It is a quiet street somewhere south of the Metro, the funeral home’s white building stands modestly among a smattering of small businesses, a carinderia on the left, a sari sari store somewhere down a path. We were told to wait for Luna Osmeña, the funeral home’s owner at a reception area where we look through a list of their clients and where they lie in state.
Luna drives up and meets us, asking, “Are you ready to see the embalming area?” The station in question is somewhere along the side of the building, street level, and separated from prying eyes by a pink floral curtain. “They are expecting a body sometime later today. It’s a good thing you came in first. The room is cleaned and sanitized regularly but there is really something in this place, a kind of odor that never really goes away and sticks to your hair and clothes. I advise you to take a bath as soon as you get home.”
She carefully draws the curtain to reveal an old-fashioned white-tiled room. What immediately draws the eye is the shiny metal rectangular table, with a wooden block placed just so. This is where the dead are brought for their final preparations, we were told. The table has a faucet at the head and a large drain at the bottom.
A living out of death
We are introduced to Richard, their embalmer, a tallish, thin man who looks as if he was fresh from the barber’s. If you meet Richard in the streets, you would not think that his hands touch the dead. He has a small, quiet voice and a rather shy demeanor, but his hands work fast as he lays down his tools of the trade, explaining the use of the different-sized forceps, a large metal syringe, and probably the most unnerving of the group, a long rubber hose through which formalin flows to replace the blood that previously circulated to supply life to limbs.
'If you meet Richard in the streets, you would not think that his hands touch the dead. He has a small, quiet voice and a rather shy demeanor, but his hands work fast as he lays down his tools of the trade, explaining the use of the different-sized forceps, a large metal syringe, and probably the most unnerving of the group, a long rubber hose through which formalin flows to replace the blood that previously circulated to supply life to limbs'
There was no mistaking what the wooden block is for. It supports the dead's head and neck, as Richard, and the others of his trade, piece through the artery along the neck to drain the blood out.
We ask about the yellow disposable razor that found its way into the chilling array, Richard replies matter-of-factly, “I use it to shave the men, to help them look good.”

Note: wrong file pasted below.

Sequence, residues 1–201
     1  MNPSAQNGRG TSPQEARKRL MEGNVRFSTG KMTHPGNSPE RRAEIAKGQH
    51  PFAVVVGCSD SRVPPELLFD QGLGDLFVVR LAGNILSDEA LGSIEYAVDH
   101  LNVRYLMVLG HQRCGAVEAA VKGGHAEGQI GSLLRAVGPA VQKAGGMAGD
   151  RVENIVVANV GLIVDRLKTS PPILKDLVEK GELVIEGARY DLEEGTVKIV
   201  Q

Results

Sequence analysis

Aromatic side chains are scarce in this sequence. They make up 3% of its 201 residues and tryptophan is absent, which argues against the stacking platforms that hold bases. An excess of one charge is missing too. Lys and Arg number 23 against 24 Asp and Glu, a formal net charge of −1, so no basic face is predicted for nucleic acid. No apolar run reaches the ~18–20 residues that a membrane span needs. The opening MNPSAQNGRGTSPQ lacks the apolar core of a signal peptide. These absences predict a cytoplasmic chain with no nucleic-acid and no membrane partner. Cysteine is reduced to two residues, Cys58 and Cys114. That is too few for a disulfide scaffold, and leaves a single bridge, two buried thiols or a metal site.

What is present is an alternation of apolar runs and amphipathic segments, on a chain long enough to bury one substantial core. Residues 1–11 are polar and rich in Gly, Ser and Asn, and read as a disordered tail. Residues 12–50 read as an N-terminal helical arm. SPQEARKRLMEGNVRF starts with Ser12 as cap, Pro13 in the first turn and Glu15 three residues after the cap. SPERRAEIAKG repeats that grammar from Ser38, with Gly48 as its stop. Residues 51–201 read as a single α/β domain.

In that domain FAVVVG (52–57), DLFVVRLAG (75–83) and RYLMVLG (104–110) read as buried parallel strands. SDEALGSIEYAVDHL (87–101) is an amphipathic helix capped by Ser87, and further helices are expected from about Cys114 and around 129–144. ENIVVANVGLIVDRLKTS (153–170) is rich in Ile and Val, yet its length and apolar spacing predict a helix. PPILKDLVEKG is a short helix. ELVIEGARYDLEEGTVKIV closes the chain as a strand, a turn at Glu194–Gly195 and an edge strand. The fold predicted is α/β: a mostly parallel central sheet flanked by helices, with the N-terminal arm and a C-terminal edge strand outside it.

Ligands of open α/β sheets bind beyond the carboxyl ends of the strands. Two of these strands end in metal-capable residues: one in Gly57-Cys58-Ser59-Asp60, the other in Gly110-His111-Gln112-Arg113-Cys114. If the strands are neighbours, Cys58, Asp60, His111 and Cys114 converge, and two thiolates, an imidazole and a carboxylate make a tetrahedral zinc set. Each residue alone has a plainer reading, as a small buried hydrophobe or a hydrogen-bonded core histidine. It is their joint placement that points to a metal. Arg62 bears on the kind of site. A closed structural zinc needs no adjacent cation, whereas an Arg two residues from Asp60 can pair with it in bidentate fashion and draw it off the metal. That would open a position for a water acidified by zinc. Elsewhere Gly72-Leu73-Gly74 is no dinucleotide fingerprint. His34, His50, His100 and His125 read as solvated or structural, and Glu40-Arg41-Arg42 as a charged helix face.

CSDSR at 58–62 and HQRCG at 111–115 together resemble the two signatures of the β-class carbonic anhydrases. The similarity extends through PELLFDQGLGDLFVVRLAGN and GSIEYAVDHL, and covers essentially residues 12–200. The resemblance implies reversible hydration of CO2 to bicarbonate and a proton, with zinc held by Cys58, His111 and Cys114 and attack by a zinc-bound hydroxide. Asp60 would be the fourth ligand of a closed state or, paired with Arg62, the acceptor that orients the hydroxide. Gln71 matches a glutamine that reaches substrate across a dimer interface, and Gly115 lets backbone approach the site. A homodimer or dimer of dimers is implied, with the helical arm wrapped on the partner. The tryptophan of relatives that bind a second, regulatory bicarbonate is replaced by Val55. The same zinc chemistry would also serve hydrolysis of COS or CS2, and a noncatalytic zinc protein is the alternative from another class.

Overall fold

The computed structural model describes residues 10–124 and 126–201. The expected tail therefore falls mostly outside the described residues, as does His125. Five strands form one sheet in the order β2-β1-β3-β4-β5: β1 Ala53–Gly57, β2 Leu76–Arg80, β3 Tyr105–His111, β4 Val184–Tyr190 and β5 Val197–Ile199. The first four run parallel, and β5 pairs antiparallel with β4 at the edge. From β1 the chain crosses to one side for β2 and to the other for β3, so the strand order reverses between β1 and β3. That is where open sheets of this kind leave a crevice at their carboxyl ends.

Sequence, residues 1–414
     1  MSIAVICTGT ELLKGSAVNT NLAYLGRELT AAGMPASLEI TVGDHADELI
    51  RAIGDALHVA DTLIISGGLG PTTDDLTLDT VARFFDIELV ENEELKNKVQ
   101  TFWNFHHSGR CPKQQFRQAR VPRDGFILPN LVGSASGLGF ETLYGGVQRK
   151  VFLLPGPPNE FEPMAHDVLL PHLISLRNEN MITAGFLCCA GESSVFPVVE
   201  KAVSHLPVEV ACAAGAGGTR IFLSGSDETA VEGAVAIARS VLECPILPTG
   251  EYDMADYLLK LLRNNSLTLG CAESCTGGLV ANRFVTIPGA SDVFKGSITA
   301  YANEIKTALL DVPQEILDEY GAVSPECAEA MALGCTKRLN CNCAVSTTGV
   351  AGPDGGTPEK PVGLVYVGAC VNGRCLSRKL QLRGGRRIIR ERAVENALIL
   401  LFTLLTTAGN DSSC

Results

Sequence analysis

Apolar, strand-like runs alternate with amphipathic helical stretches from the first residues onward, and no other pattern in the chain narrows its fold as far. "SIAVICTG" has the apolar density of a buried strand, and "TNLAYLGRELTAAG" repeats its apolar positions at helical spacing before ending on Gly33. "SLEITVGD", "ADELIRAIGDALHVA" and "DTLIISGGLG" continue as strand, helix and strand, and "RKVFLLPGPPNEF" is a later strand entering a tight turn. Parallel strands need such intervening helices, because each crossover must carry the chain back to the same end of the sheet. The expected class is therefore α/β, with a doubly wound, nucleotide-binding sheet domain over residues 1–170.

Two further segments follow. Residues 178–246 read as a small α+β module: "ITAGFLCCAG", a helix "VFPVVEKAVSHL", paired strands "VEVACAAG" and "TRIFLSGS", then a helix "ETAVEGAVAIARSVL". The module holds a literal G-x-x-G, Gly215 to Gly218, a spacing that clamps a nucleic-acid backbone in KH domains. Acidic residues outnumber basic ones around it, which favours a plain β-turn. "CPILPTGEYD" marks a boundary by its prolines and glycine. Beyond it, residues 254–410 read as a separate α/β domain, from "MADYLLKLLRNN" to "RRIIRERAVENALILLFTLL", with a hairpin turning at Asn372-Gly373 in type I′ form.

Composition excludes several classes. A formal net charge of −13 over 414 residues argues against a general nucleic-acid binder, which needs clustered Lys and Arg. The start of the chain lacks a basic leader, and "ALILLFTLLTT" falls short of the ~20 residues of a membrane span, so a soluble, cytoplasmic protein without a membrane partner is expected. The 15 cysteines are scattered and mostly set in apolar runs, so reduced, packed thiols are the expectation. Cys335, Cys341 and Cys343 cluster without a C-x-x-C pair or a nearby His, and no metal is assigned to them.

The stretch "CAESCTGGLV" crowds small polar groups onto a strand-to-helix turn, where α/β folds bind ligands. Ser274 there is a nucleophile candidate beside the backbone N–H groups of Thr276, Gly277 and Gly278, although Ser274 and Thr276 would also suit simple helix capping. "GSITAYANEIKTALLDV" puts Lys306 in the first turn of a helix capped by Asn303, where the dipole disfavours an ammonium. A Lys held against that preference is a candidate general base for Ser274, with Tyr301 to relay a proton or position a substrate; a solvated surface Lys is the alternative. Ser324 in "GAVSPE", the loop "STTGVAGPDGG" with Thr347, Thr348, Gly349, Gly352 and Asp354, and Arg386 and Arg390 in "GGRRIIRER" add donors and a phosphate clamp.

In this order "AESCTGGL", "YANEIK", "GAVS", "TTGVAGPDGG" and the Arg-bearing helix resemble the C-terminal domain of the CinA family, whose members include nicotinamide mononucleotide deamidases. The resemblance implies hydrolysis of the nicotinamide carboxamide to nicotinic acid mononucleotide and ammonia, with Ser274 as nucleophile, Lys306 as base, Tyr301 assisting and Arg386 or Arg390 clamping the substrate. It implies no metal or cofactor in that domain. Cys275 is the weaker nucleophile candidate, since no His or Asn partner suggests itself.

He has a makeup kit, too, the products are Mac, as Osmeña says with some measure of pride. “It’s called panstick, the same kind they use on stage shows, because it offers a longer lasting coverage,” she explains. There are different shades, to suit different skin tones.
Luna is right about the odor permeating the room. It wasn’t a palpable chemical smell; it was, as she described, a smell that pierces through to the brain and would take more than a bath to wash away.
Richard says he was once a factory worker at the Export Processing Zone, but his uncle, who was already working at a different funeral home encouraged him to take up the trade. He has had a certification from a course offered somewhere in Quezon City, the studies focused on the human anatomy.
“Mas secure na trabaho ito, kaysa sa factory. Dalawang taon ko na ito ginagawa, nung una, natatakot ako, medyo nandidiri, pero ngayon, sanay na ako.” He is not afraid of ghosts and has had no supernatural experiences, he says. “Sa ganitong linya ng trabaho, masasabi ko talaga, mas matakot ka sa buhay, kaysa sa patay.”
One encounter he could not forget was the time one of his corpses started having spasms. “It was at my former employment,” he says. A heart attack patient, declared dead at the hospital, suddenly started shuddering on their work table. “Tatlo kaming staff kailangan na humawak. Hinintay namin siyang tumigil sa pag galaw bago namin ginawa ang trabaho namin. Buti na lang sarado yung kwarto at hindi nakita ng pamilya nung namatay, kung hindi baka nagwala ang mga yun kasi iisipin nila na buhay pa tinatrabaho na namin.”
He assures that the man was really dead, though, and episodes like those do happen on occasion. “Kaya ngayon, kapag atake sa puso, naghihintay muna ako ng mga six hours para siguradong hindi na gagalaw.”
Luna recounts an urban legend in their area. “My late dad established this funeral home in the ‘70s. One time, a man hit by lightning was brought in, presumed dead. He came back to life just as the embalmer was about to work on him!”
She says that the scenario is unlikely to happen these days, as there has to be a certification from an attending physician that the person is really dead before he or she is brought to us.